3 Steps to Improving Cash Flow Problems

February 7, 2018


A smooth cash flow is crucial to any business’s finances, but if you have too much cash going out and not enough coming in, it can be hard to fix. What’s the problem? Not enough revenue? Your operating costs are too high? Those are the obvious first places to look, but if your business seems like it should be healthy and cash flow is still an issue, the problem may lie elsewhere. Here are a few things you can do to improve your cash flow, without doubling sales or working with the lights out.

Assess your situation. The first thing you need to do is see where you actually stand right now. If you don’t have a good handle on your finances that may be the root of the problem – there may be hidden costs somewhere, or you may not actually be taking in as much money as you think you are.

Start with a thorough forecast. If you know ahead of time where your income and costs are coming from and when they’re going to be at your doorstep, it’s a lot easier to make decisions. For example: if your sales have grown recently you might hire or expand your operation to meet the need. But that’s a lot of money upfront – do you know when it’s coming back in? If not, you could be hung out to dry if an unexpected cost comes due.

As part of this process you should examine the balance between customer terms and supplier terms. If you’re waiting a lot longer to get paid than you’re waiting to pay, you’ll start falling behind. You may need to figure out ways to bring in more of your revenue upfront, or look to find suppliers that are more in tune with your cash flow needs. If your business is small enough that the financial department is small – or it’s just you – there is also cost-effective help available. You can find an outsourced accountant or bookkeeping service to help analyze your situation, and get moving in the right direction.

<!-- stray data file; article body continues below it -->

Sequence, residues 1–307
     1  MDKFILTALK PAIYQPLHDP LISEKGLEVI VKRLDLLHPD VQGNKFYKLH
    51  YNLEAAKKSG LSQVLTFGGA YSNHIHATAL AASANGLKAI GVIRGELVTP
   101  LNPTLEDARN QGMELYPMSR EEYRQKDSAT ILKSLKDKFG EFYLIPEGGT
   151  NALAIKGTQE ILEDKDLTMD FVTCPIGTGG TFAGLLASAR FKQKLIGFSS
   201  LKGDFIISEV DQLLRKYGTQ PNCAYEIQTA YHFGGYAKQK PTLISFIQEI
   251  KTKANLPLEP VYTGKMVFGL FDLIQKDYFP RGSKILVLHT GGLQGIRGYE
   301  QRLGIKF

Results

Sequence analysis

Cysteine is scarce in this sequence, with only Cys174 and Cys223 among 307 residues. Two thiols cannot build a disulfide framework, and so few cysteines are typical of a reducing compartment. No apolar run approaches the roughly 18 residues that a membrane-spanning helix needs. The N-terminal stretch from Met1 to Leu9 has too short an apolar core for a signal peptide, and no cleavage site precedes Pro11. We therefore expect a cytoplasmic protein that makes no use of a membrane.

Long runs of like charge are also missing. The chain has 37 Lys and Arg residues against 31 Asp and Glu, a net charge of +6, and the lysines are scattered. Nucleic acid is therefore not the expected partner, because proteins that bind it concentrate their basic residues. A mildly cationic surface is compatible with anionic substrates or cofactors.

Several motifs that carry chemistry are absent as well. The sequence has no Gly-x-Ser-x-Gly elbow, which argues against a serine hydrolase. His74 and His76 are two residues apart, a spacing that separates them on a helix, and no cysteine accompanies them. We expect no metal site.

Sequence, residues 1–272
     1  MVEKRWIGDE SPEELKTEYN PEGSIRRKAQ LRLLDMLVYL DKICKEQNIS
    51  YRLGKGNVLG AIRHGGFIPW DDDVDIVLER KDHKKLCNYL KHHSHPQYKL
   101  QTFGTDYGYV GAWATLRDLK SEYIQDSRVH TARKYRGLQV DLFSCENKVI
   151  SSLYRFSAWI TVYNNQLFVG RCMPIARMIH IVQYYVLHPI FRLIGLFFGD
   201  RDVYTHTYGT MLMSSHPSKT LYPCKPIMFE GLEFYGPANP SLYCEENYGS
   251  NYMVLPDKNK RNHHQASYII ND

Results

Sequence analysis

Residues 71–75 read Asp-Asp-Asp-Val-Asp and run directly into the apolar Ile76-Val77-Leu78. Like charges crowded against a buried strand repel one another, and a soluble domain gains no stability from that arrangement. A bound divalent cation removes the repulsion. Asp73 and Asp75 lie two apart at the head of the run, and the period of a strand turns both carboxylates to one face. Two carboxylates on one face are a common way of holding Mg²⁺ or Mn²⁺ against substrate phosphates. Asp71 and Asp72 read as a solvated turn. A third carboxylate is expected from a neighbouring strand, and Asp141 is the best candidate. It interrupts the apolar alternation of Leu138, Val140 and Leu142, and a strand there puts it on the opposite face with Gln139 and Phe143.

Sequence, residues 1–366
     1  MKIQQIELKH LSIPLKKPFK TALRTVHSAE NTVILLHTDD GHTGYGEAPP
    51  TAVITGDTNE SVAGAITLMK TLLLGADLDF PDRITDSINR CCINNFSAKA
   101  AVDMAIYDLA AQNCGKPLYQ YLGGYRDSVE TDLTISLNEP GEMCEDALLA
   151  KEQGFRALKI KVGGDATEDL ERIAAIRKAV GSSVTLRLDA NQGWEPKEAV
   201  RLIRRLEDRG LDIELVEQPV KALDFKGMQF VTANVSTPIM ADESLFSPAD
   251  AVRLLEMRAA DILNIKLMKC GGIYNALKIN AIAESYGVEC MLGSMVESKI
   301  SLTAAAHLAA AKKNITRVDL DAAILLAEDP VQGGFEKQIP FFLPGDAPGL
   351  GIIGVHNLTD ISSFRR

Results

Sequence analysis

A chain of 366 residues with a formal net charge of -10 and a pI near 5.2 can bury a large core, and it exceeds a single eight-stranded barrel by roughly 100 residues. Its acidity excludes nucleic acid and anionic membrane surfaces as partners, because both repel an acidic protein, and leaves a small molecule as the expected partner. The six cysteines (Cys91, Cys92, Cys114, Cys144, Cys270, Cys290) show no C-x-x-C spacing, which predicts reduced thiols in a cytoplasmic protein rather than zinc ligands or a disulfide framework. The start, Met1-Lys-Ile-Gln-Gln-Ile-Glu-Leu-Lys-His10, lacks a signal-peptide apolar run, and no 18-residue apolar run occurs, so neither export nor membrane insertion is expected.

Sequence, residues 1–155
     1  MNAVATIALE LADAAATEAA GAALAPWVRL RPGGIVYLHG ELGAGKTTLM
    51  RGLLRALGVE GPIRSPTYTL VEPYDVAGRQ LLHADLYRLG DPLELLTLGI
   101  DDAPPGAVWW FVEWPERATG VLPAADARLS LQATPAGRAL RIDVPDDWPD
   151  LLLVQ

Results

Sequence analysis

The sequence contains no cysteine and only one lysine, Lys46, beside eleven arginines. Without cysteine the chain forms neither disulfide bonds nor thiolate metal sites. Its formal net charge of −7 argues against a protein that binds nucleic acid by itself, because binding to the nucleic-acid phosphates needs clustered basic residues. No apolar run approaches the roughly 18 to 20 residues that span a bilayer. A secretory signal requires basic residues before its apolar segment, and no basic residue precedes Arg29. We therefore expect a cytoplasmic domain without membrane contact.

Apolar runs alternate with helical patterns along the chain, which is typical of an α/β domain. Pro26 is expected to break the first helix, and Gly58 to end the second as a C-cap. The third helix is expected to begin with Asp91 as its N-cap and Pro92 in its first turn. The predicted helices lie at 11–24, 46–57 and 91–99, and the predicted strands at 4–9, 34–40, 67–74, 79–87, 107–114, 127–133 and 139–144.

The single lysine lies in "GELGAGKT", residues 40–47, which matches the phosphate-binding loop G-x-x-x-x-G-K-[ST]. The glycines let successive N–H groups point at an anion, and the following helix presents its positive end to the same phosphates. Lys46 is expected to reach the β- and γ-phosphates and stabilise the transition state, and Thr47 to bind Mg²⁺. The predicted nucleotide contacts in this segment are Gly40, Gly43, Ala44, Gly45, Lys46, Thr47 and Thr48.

Establish actionable tactics. Changing how you handle your finances as a whole could go a long way towards healing the wounds of poor cash flow. First of all, if you’re trying to manage the whole thing all at once, stop. Divide your suppliers, customers, and inventory and look at each on its own.

Are your regular suppliers being paid in the most cost-effective fashion? Are there discounts you could get for being a good customer? Are your sales steady, or is a lot of your money tied up in products or services that don’t sell well, or only sell at certain times? And are your best customers really the ones who pay you the most – or are they costing you more than they’re really worth? Make this the permanent format of your analysis; don’t just do it when times are tough. And is your collections system running efficiently and intelligently? If not, fixing it is the best way to start getting your money faster. Examine how soon you’re getting paid, whether you’re in contact with customers enough, and whether disputes are identified and handled in a timely fashion. This isn’t just a long-term issue, but a short-term one as well. If you need money now, it’s not prudent to allow customers to wait until 90 days after the fact – start contact after 60, or even 30 days. And it’s not just on your receivables department, either. Paying your bills promptly can open up new discounts and establish your business as a good partner, whether you’re collecting or paying.

 

Prioritize the solution. Most importantly, you can’t let the problem fester. If cash flow is an issue for your business, take these steps today, not tomorrow. And make sure it’s clear to your whole staff that it’s a priority, not just the financial department’s. If it’s a business-wide policy to make finances more efficient, rather than just a priority for your collections department, even your sales team will get on board. And when employees have a goal to meet, they’re far more likely to pursue it.